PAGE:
2nd Experimental Archaeology Conference abstract – Carolyn Forrest
From the 2nd Experimental Archaeology Conference, Exeter, 2007.
Where did it all begin? Experimental Archaeology from the 19th to the mid 20th Century
Carolyn Forrest MA,
University of Aberdeen, Aberdeen, Scotland
This paper will explore the early history of experimental archaeology from the nineteenth century to the mid twentieth century. It will show that, far from being a product of the post-War ‘New Archaeology’, experimental archaeology has a much longer pedigree. The development of the discipline of Archaeology in the mid 19th century will be studied, considering the context of theological and intellectual debate. This will focus on an examination of the scientific methods and interests of the early amateur archaeologist John Lubbock, 1st Baron of Avebury and close friend of Charles Darwin. Such work will be contrasted with an article written by Robert Ascher in 1961; one of the first to use the term experimental archaeology. The paper will consider whether there has been a continuance of ideas and methods relating to the nature of experimentation in archaeology and to what extent this has been affected by changing social and academic influence.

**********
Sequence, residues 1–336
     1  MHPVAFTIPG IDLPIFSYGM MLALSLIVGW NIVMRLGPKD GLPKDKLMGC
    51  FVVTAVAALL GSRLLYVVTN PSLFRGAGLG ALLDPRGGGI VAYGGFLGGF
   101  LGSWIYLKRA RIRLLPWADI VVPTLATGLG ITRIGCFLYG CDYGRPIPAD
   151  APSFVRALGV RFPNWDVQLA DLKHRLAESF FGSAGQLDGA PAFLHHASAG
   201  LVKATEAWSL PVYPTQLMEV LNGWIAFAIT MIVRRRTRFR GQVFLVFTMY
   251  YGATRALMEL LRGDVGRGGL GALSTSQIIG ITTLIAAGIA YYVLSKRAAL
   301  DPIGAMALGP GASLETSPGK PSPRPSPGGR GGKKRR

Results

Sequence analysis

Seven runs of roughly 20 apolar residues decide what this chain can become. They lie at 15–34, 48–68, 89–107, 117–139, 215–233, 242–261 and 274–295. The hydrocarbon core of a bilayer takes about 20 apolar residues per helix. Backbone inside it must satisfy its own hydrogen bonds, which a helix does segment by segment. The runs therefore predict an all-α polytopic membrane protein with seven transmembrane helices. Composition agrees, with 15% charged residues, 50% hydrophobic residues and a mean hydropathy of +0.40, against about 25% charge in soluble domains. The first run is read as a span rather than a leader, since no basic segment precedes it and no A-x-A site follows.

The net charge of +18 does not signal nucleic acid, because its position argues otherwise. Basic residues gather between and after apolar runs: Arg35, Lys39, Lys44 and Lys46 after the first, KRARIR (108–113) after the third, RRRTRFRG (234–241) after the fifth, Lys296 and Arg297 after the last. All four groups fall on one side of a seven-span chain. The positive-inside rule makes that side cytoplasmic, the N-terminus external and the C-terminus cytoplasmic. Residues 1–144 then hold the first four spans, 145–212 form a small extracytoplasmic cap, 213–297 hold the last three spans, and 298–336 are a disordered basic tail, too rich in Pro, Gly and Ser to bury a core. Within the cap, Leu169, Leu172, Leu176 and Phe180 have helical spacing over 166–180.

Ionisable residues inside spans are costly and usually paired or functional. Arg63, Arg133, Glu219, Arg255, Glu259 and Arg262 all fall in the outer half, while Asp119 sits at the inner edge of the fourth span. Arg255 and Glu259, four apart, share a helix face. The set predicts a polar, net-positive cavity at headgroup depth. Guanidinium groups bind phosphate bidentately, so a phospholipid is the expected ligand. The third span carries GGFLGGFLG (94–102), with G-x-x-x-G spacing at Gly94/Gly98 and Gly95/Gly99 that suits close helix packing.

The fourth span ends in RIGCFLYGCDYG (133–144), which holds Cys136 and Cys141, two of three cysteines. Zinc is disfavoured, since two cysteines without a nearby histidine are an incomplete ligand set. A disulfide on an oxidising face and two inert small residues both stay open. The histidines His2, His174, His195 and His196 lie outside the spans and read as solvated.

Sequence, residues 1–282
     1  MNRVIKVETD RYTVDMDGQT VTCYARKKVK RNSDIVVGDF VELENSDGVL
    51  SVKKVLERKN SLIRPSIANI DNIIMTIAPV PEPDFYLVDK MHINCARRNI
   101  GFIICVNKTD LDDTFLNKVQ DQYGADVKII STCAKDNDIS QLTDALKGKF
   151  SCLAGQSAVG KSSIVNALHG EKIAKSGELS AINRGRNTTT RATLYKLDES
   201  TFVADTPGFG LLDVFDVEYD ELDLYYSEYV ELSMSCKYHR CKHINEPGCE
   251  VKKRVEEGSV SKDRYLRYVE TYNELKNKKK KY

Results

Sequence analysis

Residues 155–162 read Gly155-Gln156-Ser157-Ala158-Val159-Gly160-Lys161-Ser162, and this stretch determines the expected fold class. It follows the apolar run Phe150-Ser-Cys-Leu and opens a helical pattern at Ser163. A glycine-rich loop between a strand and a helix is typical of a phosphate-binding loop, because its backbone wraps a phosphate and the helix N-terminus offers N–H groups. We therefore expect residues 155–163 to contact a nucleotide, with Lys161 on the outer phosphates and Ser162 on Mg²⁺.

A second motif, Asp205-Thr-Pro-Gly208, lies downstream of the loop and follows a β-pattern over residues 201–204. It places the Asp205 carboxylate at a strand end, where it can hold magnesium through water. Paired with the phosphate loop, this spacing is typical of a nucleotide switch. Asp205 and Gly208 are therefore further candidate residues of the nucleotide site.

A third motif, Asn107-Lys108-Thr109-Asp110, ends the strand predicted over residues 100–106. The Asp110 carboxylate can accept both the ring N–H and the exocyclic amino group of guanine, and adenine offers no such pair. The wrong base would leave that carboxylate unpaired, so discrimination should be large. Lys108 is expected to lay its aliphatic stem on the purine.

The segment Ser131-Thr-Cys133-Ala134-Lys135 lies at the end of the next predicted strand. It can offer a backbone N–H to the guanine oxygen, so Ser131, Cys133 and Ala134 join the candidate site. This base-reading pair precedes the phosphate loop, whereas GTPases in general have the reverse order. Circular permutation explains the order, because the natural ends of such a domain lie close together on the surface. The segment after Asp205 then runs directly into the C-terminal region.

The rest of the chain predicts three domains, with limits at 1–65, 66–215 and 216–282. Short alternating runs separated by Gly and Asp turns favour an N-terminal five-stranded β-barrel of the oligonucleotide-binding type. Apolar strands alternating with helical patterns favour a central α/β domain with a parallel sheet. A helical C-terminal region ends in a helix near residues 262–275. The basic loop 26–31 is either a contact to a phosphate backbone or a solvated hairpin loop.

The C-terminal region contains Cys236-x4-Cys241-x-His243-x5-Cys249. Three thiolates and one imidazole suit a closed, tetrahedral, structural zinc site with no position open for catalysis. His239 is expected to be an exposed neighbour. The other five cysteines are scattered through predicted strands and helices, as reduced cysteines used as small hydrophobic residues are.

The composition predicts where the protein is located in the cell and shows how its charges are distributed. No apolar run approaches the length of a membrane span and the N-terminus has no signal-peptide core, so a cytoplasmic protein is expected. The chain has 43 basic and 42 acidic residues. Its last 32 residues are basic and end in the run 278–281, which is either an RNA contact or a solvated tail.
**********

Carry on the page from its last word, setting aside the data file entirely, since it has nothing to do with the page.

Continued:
This work is drawn from research being undertaken towards a PhD at the University of Aberdeen – “Experiment or Experience – The roles of scientific method and experiential activity in Experimental Archaeology and how they supplement our knowledge of the past”. I am looking at the scientific role of experimental archaeology from the 19th century to the present; the types of experimental archaeology that have been undertaken and the contrasts between those who have participated in experimental archaeology in the past and those in the present. I am interested in the idea that knowledge of the past can be gained through imitation, based on archaeological evidence, or hands on activity and how this ‘learning’ can be transferred to a wider audience as an exchange of kills or information.